"We want to use it to resolve mysteries such as the evolution of black holes and the strong magnetic fields of neutron stars".
The satellite is named the Hard X-ray Modulation Telescope (HXMT), informally referred to as "Insight". The government launched a Long March 4B rocket on Thursday, June 15 carrying what has been described as perhaps the most important astronomy mission for China in years called the Hard X-ray Modulation Telescope (HXMT).
China has been making great strides in its space program in recent times, and in another such development, it has launched its first X-ray space telescope.
For easier recall, China's HXMT satellite is also known by the codename Insight, and as Xinhua reported, the goal for the satellite, which will orbit about 342 miles (550 kilometers) above the Earth, is to help scientists understand how black holes evolved.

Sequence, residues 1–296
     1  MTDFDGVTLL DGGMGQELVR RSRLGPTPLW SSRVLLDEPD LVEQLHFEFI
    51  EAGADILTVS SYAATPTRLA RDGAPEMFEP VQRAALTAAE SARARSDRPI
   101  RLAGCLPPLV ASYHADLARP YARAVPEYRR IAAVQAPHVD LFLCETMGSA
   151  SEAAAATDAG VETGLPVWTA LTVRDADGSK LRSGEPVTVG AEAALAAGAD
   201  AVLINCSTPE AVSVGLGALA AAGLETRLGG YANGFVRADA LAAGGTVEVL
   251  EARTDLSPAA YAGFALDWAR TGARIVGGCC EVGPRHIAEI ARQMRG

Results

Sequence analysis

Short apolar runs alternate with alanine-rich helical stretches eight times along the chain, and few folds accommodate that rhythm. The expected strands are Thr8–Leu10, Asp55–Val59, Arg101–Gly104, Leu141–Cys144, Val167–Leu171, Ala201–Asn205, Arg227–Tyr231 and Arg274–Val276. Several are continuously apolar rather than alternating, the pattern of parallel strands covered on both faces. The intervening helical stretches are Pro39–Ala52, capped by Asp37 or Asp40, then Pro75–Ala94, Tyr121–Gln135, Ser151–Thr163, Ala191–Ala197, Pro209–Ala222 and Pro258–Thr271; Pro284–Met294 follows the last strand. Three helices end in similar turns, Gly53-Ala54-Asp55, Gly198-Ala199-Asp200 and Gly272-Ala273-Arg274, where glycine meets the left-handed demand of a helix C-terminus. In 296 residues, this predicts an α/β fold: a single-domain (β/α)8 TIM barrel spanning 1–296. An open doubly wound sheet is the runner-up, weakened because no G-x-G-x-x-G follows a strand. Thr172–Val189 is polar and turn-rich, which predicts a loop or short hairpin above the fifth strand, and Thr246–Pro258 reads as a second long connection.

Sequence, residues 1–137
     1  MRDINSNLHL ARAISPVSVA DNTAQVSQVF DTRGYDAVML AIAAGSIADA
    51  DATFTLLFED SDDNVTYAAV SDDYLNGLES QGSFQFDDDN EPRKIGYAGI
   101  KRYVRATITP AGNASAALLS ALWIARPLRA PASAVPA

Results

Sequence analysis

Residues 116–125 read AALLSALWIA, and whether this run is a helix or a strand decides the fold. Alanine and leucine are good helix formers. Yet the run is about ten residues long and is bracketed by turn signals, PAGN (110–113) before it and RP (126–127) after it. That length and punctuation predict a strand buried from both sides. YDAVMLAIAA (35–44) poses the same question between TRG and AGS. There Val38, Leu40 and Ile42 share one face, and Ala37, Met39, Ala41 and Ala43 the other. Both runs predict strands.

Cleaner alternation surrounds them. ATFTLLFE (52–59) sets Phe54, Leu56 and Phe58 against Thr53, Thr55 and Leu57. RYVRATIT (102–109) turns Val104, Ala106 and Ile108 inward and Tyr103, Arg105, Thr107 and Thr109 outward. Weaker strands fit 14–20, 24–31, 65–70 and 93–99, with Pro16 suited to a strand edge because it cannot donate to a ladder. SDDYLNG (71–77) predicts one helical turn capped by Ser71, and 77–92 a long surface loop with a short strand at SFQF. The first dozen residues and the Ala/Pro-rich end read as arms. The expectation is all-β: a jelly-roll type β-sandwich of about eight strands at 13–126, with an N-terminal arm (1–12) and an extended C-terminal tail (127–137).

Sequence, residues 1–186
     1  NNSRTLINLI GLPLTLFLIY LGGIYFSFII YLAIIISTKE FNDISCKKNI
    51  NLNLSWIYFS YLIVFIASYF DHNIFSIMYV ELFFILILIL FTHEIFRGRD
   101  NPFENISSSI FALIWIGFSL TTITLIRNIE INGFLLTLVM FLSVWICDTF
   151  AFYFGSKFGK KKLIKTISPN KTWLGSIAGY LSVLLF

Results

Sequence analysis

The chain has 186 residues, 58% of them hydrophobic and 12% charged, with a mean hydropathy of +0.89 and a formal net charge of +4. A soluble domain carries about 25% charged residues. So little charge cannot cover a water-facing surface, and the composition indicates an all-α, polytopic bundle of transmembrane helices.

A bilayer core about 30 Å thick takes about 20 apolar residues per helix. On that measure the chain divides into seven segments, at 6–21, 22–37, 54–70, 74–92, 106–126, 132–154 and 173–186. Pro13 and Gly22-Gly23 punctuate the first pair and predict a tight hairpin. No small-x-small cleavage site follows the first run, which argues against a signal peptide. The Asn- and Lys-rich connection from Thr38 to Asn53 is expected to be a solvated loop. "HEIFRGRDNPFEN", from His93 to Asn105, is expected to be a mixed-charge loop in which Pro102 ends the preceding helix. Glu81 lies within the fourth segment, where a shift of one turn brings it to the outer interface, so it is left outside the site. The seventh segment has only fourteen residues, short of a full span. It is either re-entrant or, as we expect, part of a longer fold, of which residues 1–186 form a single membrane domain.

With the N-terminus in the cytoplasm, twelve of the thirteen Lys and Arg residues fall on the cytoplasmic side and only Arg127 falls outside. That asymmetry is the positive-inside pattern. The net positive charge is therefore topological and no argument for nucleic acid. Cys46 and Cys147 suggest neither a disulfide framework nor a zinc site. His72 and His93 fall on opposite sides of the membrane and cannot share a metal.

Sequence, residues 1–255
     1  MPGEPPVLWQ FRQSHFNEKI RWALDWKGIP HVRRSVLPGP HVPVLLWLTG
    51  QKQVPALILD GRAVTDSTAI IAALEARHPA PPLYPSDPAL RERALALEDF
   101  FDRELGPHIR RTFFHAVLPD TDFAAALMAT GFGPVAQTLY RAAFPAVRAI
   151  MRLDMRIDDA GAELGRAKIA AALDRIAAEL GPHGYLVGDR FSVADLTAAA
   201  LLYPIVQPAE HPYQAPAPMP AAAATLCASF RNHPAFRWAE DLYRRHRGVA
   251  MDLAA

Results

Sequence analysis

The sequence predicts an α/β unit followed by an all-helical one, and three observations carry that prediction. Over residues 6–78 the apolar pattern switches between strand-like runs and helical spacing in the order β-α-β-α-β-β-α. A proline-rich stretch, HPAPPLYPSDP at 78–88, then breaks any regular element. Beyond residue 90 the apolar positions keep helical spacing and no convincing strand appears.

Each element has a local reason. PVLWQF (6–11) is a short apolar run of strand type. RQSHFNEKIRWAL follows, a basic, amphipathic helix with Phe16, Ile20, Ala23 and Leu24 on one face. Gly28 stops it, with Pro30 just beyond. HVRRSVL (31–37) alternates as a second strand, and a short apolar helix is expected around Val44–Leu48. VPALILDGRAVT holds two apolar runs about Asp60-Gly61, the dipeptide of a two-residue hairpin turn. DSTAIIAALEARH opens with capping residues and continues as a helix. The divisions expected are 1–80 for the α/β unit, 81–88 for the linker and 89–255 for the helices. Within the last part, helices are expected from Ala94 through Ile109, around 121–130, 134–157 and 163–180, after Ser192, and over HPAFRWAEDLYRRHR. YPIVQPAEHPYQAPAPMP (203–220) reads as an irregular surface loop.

The telescope will also be used to study the characteristics of pulsars and identify gamma-ray bursts corresponding to gravitational waves.
The HMXT Insight is the last of the cluster of four space science missions covered under China's 12th 5-year plan that were developed by the National Space Science Centre (NSSC) of the Chinese Academy of Sciences in Beijing.
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Even though the scientific world is well aware of the existence of black holes, it actually possesses a small body of knowledge about them. Briefing to the media the project lead scientist said that this new launch would bring the new breakthrough in physics. These events generate X-rays, which cannot penetrate Earth's atmosphere, so they can be seen only by satellites or instruments placed on high-altitude balloons.
As we all know, the black holes are mysterious and we normally can not detect them.
"No matter how bright the sources are, our telescope won't be blinded", said Chen. The country has long announced that by 2022 it will be having its own crewed space station in outer space.
The China-Italy Electromagnetic Monitoring Experiment Satellite will be launched this August to study phenomena related to earthquakes from space.
It would also enable engineers to explore ways of using pulsars as benchmarks for new-generation space navigation technology.